The mayor on Sunday declined to say precisely how much funding he planned to divert to social services from the New York Police Department, which has an annual budget of $6 billion, representing more than 6 percent of Mr. de Blasio’s proposed $90 billion budget.
Mayor Bill de Blasio is facing continued pressure to lift the 8 p.m. curfew that is in response to the protests, this time from an influential union.
In a tweet sent out this afternoon, the 175,000-member-strong 32BJ SEIU union demanded de Blasio end the curfew while also calling for „the immediate release of all who have been arrested for curfew violations.“ The union comprised of service workers has been an ally to de Blasio in the past, having endorsed him twice during his tenure as mayor.
Over 400 current and former employees in the administration of Mayor Bill de Blasio have signed an open letter denouncing the mayor’s treatment of peaceful protesters and his refusal to reign in the NYPD.
The letter includes a scathing evaluation of de Blasio’s performance on criminal justice reform, despite it being one of the main commitments that drew many of these staffers to work for the administration, particularly after he made ending the misuse of stop and frisk a central theme in his 2013 mayoral campaign.
The maneuver was a law enforcement tactic called kettling. The police encircle protesters so that they have no way to exit from a park, city block or other public space, and then charge in and make arrests.
For the next 20 minutes in Downtown Brooklyn, officers swinging batons turned a demonstration that had been largely peaceful into a scene of chaos.
The kettling operations carried out by the police department after curfew have become among the most unsettling symbols of its use of force against peaceful protests, and have touched off a fierce backlash against Mayor Bill de Blasio and the police commissioner, Dermot F. Shea.
The NYPD is under fire for a series of actions unfolding each day as protesters continue to defy the nightly curfew.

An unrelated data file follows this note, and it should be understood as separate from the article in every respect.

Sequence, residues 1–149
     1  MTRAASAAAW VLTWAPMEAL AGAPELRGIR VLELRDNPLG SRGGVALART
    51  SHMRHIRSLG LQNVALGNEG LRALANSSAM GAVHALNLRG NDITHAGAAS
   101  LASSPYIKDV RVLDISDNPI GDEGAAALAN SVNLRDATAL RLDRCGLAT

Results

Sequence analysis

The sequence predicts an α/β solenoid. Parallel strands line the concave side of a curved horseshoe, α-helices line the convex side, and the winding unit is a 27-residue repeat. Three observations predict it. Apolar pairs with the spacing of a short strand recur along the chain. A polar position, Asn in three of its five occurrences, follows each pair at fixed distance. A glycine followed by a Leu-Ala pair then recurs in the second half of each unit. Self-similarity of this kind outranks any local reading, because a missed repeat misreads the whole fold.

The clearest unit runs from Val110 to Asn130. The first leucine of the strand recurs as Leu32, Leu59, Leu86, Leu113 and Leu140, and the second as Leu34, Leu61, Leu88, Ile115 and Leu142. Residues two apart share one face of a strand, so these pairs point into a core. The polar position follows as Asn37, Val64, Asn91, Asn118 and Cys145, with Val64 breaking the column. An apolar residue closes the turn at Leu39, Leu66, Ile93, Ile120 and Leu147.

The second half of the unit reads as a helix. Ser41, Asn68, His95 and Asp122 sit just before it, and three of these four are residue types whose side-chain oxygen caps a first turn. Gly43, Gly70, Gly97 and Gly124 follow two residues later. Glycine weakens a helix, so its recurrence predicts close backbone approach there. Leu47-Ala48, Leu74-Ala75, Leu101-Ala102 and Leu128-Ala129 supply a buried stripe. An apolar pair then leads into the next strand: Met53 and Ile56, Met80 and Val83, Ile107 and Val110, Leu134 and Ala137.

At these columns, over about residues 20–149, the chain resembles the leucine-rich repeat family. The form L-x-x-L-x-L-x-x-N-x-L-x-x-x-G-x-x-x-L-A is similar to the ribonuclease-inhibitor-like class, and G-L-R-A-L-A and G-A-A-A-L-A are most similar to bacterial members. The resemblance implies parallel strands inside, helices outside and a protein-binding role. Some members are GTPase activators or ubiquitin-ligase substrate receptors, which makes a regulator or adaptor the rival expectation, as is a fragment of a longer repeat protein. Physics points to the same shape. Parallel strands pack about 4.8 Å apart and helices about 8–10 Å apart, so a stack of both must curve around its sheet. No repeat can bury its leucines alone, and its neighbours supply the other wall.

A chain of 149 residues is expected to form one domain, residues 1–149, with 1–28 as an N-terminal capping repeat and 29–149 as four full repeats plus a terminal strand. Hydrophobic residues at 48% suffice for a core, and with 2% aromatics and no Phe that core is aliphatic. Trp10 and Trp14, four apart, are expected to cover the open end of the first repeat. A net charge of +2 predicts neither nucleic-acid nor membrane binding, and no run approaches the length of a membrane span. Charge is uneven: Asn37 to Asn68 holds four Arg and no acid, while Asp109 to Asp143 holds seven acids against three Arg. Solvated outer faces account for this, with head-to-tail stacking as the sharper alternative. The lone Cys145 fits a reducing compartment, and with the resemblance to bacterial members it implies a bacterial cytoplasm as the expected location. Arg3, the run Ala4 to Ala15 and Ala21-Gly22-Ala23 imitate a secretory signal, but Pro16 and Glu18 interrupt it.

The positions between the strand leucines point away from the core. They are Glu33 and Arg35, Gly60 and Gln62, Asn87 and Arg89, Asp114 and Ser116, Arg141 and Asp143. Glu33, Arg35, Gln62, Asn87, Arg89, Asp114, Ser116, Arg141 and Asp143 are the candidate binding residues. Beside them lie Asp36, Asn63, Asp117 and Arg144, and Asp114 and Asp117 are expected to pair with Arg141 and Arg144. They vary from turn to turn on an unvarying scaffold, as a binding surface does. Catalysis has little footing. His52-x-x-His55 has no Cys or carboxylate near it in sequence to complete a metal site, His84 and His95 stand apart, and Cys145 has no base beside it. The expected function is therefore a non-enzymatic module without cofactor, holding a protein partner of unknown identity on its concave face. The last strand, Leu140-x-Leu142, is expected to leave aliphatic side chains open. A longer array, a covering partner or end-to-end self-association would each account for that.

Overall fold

The party received reports from the campaigns of Bernie Sanders, Pete Buttigieg and Elizabeth Warren.
Following a chaotic delay, due in part to a new app used to report the results of the Iowa caucuses, results from 100% of precincts finally came in late Thursday, three days after the caucuses. No national delegates have been awarded yet, however, pending review of the results.
The deadline had been noon CT/1 p.m. ET on Friday, but the party said it was moving the deadline to the same time on Monday, giving campaigns three additional days to review the results and decide whether they want to challenge them.
The state party added that campaigns have until Saturday at noon CT/1 p.m. ET to „submit documentary evidence of inconsistencies between the data reported and the records of result for correction.“
Party officials on Friday invited presidential campaigns to report errors in the delegate count and gave them until noon Saturday to do so. The campaigns also have until noon Monday to ask for a recanvass of results from all 1,700-plus precincts — a deadline the party announced it had extended about 30 minutes before the initial deadline of noon Friday expired.
But what is Perez asking for, and what can state officials do?
First, under Iowa Democratic Party rules, Perez can’t require that results be recalculated, but presidential campaigns have until noon Friday to make a request. It was not immediately clear whether any planned to do so.
Polk County Democrats Chairman Sean Bagniewski later confirmed to ABC News that the DNC had been calling precinct chairs and asking for results — meaning the national party committee is actively engaging in calling the leaders of each precinct in order to verify the results.
And one Democratic official was told that the DNC was „taking over“ the accounting. The official said that to their knowledge, this has never happened before.